Isberg Peak is located on the border between Yosemite National Park and Ansel Adams Wilderness. The first ascent of this relatively unknown peak was made by famous landscape photographer Ansel Adams and his partner Francis Holman in April, 1924. Although Yosemite is very well-traveled by backpackers and mountaineers, this remote corner of the park is lightly traveled and the peak probably receives only a handful of visitors each year. On the section of a backpacking trip through this area, we saw no one for almost 48 hours. Isberg Peak is located just to the North of Isberg Pass and is a class 2 scramble from there. There is an easy class 1 slope on the west of the peak, but it is farther from the trail. Isberg is surrounded by granite mountains, but the peak itself is made up of a reddish rock. The actual peak is the highpoint in the ridge and not the more defined point just to the Northeast. A small, man-made tower of rocks marks the summit though there is no register (that I could find). Views from the summit include the Clark Range (Mt. Clark, Red Peak, Merced Peak) to the West, Mt. Florence, Mt. Lyell and Mt. Maclure to the North, as well as the Minerets with Ritter and Banner. If you are ever in this area, a short hike to Isberg Peak is definately worth your time.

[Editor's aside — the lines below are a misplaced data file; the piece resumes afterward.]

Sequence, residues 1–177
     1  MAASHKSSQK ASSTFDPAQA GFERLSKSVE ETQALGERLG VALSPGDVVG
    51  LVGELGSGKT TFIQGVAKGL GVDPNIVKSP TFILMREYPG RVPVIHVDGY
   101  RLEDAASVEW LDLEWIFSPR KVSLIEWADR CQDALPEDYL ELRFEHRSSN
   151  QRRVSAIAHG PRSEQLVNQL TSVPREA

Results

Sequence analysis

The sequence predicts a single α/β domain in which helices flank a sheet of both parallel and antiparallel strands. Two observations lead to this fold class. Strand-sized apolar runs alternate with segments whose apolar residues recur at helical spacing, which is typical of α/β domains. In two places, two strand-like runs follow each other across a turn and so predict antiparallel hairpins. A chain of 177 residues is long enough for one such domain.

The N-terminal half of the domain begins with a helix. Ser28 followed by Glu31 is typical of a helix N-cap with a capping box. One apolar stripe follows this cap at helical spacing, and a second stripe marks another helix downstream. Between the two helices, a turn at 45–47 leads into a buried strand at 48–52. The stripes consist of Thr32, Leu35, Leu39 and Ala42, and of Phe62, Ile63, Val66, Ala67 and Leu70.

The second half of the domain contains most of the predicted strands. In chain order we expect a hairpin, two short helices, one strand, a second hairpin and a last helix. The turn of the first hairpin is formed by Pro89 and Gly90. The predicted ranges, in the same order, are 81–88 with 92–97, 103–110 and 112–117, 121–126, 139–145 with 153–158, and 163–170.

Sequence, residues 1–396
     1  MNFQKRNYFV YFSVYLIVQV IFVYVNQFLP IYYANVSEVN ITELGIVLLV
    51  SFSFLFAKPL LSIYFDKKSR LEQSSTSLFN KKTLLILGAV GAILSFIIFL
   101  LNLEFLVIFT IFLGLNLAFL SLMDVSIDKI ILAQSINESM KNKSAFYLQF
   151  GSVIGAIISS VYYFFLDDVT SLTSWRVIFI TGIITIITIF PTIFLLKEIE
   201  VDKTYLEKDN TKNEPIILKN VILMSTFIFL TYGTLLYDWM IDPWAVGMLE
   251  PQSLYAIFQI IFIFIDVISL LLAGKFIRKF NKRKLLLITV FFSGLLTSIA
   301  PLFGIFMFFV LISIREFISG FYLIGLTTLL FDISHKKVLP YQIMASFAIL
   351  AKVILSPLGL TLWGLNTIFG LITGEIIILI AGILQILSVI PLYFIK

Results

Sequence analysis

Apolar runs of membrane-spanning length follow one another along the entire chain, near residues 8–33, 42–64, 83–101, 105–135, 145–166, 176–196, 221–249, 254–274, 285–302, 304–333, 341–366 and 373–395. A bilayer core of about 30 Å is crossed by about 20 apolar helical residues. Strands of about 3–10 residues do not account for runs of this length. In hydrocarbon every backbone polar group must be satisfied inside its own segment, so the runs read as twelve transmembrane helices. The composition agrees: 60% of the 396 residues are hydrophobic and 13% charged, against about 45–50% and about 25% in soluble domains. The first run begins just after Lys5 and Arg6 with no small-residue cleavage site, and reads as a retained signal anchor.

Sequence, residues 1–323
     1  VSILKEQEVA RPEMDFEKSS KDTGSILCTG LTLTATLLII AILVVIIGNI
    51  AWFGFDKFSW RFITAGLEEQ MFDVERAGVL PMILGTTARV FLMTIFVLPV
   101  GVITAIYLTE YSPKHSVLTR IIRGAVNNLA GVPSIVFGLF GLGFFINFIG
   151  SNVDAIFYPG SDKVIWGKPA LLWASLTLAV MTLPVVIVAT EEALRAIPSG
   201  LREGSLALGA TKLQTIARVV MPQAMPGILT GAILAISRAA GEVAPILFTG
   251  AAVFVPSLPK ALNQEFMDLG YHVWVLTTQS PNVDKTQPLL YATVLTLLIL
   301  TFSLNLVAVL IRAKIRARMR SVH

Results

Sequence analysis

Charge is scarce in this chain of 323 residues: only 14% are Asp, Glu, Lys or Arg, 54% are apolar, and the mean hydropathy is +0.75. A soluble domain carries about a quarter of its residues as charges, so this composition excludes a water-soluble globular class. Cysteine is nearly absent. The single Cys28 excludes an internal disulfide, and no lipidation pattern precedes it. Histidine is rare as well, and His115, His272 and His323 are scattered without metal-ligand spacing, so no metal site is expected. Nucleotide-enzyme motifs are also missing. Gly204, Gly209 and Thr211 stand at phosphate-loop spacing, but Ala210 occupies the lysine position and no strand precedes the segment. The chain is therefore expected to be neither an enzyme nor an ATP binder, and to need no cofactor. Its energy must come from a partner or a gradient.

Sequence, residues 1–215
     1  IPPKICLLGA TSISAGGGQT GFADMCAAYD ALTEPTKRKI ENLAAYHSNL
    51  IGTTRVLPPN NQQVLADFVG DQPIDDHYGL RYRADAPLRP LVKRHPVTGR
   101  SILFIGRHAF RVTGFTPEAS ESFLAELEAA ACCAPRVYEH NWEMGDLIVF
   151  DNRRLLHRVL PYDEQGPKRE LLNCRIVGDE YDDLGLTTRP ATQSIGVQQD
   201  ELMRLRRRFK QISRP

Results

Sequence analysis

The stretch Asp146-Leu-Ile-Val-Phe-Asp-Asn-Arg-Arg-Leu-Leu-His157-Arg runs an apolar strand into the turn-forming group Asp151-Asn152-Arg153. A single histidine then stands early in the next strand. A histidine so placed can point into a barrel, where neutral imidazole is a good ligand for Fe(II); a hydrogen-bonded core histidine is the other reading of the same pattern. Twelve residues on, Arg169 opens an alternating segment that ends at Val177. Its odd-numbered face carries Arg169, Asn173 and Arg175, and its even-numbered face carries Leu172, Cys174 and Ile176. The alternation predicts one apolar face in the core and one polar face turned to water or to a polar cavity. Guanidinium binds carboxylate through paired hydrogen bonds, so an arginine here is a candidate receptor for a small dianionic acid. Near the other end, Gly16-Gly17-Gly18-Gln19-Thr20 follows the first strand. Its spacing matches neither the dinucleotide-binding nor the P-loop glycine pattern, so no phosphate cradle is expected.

The closest trailhead is located at Granite Creek Campground in the South. It is reached via the long and bumpy Beasore Road, which starts at Bass Lake and reaches Clover Meadow Ranger Station in 31 miles. Proceed another mile to Granite Creek. Take the Isberg Pass trail past Cora Lakes and Sadler Lake to Isberg Pass (13 miles). Another trailhead is Yosemite Valley. Take the JMT to Little Yosemite Valley and take the Merced Lake Trail a long ways to Isberg Pass.
Because of its remote location, the peak will probably require an overnight wilderness permit from either Ansel Adams Wilderness (Granite Creek), or from Yosemite NP. No permit is required if you do it as a (very long) day hike. The usual Yosemite Valley restrictions ($20, parking issues) apply if you start from there, but there is no charge to start from Granite Creek.
When To Climb
This peak is most easily climbed when snow levels are low (late June-October). This would be a very difficult peak to do in winter or spring because of the long approach.
If you are starting from Granite Creek you will probably spend the night there. The campgrounds are free of charge and are first come-first served. Good backcountry camping spots are Sadler Lake (South shore only) if you are approaching from the South. You can camp on the Merced river if you come from Yosemite. Any backcountry camping requires a wilderness permit.
For current conditions there are several links on the Forest Service Page
Be ready for winter weather at all times of year.